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Make in IndiaHow could we be strategic?

Vaibhav Gupta, Karthik Ganesan, Arunabha Ghosh
February 2016 | Industrial Sustainability & Competitiveness

Suggested Citation: Gupta, Vaibhav,  Karthik Ganesan, and Arunabha Ghosh. 2016. Make in India: How could we be strategic. New Delhi: Council on Energy, Environment and Water.

Overview

This study identifies five key technologies, having the maximum potential to stimulate growth in Indian manufacturing: biotechnology, nanotechnology, micro and nanoelectronics, photonics, and advanced materials. These five knowledge intensive technology areas have wide-ranging applications across various industrial sectors with the potential to meet national security priorities, stimulate economic growth as well as meet social development imperatives.

The study was released on the heels of the National Capital Goods Policy, during the Make in India Week in 2016, which includes a provision for a Technology Development Fund and other commitments such as increasing skill availability, ensuring mandatory standards and promoting growth and capacity building of Micro, Small and Medium Enterprises (MSMEs). The study identifies how to deploy this fund most effectively.

Key Findings

  • A large share of the total manufacturing output (calculated in terms of Gross Value Addition) can be impacted by the identified technologies: biotechnology (15%), nanotechnology (86%), micro and nanoelectronics (100%), photonics (19%), and advanced materials (40%).
  • The lack of participation of the private sector in R&D is one of the key hurdles preventing India from becoming an innovation hub.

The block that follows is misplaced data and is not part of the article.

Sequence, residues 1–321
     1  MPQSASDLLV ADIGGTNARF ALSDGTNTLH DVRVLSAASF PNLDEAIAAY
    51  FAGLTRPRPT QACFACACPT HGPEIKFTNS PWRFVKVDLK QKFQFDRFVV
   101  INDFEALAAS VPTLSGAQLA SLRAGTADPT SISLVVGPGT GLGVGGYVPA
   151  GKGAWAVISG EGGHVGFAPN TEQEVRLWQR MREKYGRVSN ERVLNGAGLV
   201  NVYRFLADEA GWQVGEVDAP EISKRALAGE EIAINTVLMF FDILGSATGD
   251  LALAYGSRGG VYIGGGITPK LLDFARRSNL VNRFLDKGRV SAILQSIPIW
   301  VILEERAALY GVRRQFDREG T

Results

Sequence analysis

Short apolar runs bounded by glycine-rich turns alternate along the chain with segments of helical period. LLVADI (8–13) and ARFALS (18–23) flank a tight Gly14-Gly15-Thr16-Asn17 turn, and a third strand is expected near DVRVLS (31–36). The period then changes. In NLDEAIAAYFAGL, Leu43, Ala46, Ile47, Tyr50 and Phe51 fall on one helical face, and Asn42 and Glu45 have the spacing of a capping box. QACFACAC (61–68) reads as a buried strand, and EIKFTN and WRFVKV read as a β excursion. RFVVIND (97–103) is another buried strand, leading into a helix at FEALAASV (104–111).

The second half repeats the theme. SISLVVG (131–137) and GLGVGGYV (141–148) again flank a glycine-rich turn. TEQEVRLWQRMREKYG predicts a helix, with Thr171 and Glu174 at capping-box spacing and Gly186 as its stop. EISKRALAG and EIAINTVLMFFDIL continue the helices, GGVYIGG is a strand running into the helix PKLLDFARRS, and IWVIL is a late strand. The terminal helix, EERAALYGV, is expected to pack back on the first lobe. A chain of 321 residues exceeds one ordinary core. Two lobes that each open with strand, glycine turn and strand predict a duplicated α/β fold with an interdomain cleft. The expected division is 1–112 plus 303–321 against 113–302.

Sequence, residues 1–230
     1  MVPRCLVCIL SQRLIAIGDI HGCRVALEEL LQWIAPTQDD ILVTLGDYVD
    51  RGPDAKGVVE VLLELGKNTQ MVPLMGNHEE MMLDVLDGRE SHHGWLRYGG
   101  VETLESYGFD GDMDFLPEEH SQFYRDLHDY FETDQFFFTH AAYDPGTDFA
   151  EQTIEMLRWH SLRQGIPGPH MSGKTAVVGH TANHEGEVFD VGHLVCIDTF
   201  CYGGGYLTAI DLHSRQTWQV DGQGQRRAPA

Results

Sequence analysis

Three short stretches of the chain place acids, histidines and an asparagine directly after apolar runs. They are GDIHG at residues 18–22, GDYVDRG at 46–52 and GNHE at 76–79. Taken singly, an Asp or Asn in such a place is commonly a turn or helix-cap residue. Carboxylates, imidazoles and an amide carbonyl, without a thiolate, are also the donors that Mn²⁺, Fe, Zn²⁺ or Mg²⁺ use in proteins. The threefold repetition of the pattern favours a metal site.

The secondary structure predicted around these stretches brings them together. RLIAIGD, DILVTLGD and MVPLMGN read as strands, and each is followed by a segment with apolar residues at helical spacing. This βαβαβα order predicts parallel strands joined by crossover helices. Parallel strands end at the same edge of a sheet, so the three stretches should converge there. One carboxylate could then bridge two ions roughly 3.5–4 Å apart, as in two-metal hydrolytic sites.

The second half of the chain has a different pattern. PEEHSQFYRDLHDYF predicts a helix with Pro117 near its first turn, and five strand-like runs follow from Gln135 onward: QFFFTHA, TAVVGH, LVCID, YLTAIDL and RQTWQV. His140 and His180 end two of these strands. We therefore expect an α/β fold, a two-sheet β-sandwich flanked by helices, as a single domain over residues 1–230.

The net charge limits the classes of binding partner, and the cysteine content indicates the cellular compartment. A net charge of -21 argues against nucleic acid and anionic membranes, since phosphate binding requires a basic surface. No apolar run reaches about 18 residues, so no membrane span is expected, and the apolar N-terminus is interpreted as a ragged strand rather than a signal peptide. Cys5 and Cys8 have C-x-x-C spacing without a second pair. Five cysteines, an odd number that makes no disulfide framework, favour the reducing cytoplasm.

• The private sector contributes less than one-third of the total expenditure on R&D.
  • The inefficient and understaffed Indian Patents Office (IPO) is another key hurdle.
  • In 2012 the IPO had 123,255 pending patent applications, which have further increased to 246,495 pending patent applications (in addition to the 532,682 pending trademark applications) in 2015.
  • The quality and standards associated with domestically manufactured finished-goods and intermediates do not meet international, or even national standards.
  • There is a need for an accreditation entity such as National Accreditation Board for Testing and Calibration Laboratories (NABL) to take up a pivotal role and certify the bulk of testing laboratories across the country. Currently, only one per cent of laboratories are accredited by NABL.

Enabling technologies potential to address challenges and requirements for India’s progress

Source: CEEW analysis, 2016

Key Recommendations

  • The public sector must become a risk capital provider and move to a royalty-based system that allows for revenues to flow back to the public corpus.
  • A centralised technology information portal that provides a range of information must be developed.
  • Capacity expansion of the IPO (both funding and manpower) and outsourcing ‘prior-art’ searches to third party providers would improve the efficiency of the patent filing and approval process.

Technology development chain

The proportion of risks highlighted is only a quantitative representation of observations. (Source: CEEW analysis, 2016)

IPO staff in India experience the highest per capita workload (20 applications a month, as compared with seven in Europe and China, eight in the United States) at the lowest pay.

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